As part of my work, I have been researching about HIV and AIDS over the Internet. And while I was looking through different materials, it suddenly sparked into me: “Why do Filipinos know so little about HIV?”
It turns out, no one’s talking about it anymore, mainly because of the stigma it brings in a “very religious” country. Although there are Pinoys who got past the “you can get AIDS from mosquito bites and public toilets” myth, there are still many, many, misconceptions about the disease.
Here are the usual Filipino myths about HIV and AIDS, which I hope would help a lot of my readers.
* The Philippines has few cases of HIV and AIDS because we are a prayerful nation – Although there have been about 3,000 combined cases of HIV and AIDS in the Philippines since 1984 and only 197 reported cases in 2007 (which is less than 0.1% of the total population), these statistics cannot deny the fact that the country has all the elements of a potential upsurge of HIV population: lack of condom use especially among sex workers, government’s “ban” on condoms, multiple sexual partners especially in urban areas, an active sexual lifestyle especially among adolescents and young adults, among others. In fact, health experts say that the country’s HIV and AIDS situation can be “hidden and growing”. Also note that a lot of Filipinos refuse to get an HIV test, unless required (for immigration, for instance).
* There are no signs of HIV infection – Most people with HIV had no way of knowing that they have been infected. However, there are some patients who experience what is called “Acute HIV Infection”. This happens when the patient’s “seroconversion”, when the HIV- antibody turns into HIV+. It is also during this time when the body’s immune system suddenly dips and becomes susceptible to various infections. Symptoms differ from person to person, but it could be any of the following:
* High fever
* Swollen lymph nodes
* Night sweats (profuse perspiration especially during sleep)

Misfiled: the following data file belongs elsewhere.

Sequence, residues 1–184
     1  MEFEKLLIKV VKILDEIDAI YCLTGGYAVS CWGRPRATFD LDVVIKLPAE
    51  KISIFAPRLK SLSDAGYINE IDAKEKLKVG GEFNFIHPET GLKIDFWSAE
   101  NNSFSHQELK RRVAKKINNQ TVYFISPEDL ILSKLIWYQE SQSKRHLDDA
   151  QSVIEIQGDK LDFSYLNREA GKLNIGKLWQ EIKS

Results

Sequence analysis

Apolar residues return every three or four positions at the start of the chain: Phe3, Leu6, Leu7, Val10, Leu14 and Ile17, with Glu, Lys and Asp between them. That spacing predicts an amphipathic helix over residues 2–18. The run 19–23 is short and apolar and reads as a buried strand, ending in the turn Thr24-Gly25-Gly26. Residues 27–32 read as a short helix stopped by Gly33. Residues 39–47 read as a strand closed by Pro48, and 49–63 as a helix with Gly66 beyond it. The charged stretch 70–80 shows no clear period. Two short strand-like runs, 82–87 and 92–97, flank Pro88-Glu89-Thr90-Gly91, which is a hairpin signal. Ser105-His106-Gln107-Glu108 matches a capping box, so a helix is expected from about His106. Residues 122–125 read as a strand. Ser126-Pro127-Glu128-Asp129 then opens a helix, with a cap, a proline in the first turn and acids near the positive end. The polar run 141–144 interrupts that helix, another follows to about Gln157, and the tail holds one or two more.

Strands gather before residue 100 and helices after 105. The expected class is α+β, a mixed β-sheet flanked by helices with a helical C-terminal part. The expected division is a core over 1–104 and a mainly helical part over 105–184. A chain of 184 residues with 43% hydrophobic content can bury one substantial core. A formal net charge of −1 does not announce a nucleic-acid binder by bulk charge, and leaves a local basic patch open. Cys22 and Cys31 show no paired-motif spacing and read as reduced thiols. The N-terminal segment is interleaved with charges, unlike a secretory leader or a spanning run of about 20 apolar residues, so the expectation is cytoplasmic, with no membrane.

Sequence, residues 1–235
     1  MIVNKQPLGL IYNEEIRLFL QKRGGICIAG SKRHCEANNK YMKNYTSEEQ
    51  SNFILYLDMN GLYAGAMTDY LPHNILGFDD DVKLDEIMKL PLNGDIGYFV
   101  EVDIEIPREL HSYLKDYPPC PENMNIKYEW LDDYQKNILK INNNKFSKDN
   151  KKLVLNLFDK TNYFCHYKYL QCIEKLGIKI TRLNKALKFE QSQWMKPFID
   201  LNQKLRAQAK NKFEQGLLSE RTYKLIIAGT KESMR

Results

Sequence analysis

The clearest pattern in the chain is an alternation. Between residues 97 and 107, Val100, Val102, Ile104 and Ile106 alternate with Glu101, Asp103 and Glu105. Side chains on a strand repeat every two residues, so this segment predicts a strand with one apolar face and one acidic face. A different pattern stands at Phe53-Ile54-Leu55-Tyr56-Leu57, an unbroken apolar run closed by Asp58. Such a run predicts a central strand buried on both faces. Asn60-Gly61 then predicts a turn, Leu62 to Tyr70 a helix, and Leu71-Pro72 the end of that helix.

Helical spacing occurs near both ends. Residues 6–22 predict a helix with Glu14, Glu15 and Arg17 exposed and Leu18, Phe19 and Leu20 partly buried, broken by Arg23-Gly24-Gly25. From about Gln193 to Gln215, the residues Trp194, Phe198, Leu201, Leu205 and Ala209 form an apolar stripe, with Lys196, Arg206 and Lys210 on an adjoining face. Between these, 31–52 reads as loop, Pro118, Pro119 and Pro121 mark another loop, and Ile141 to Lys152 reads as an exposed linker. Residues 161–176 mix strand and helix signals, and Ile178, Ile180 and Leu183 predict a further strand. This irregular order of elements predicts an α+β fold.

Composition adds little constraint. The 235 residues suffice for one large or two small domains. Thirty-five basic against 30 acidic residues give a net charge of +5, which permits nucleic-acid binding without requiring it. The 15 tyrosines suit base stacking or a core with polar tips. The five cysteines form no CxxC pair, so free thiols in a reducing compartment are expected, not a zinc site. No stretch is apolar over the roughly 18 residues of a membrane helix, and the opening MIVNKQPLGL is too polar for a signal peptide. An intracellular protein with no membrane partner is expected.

* Profound weight loss
* Dry cough
* Skin rashes
* Skin lesions
* Numbness, tingling, or burning sensation on the hands, feet, or face
* Changes in level of consciousness
Bear in mind that checking the symptoms yourself is not enough to know whether or not you are HIV+. You need to get tested.
* Oral sex is the safest sex – Any mode of unprotected sex, including oral sex, have its risk of HIV infection. Just like in vaginal and anal sex, the virus can be transmitted through oral sex as well especially if the mouth has open sores and bleeding gums. Even brushing your teeth causes “abrasions” in your gums that are invisible to the naked eye, which can let the virus through.
* You can get HIV by sharing food and utensils with an HIV+ person – The virus dies when it’s exposed to air, and also has low concentrations in the saliva. In simpler terms: No.
* You can get HIV by kissing an HIV+ person – Kissing a person with HIV on the cheek would not make you infected. Meanwhile, if you are French kissing an HIV+ patient, you need to swallow several gallons of saliva to get you infected. However, you do need to make sure that your mouth is free from open sores and bleeding gums before having that deep kiss.
* HIV can mark the end of one’s life – Having HIV today does not mean you are going to die tomorrow. The disease may be incurable for now, but it is treatable to at least delay the onset of AIDS. And although there have been very rare cases of HIV+ patients who were able to “shake off” the virus, we could only hope and pray that a cure for HIV would be discovered.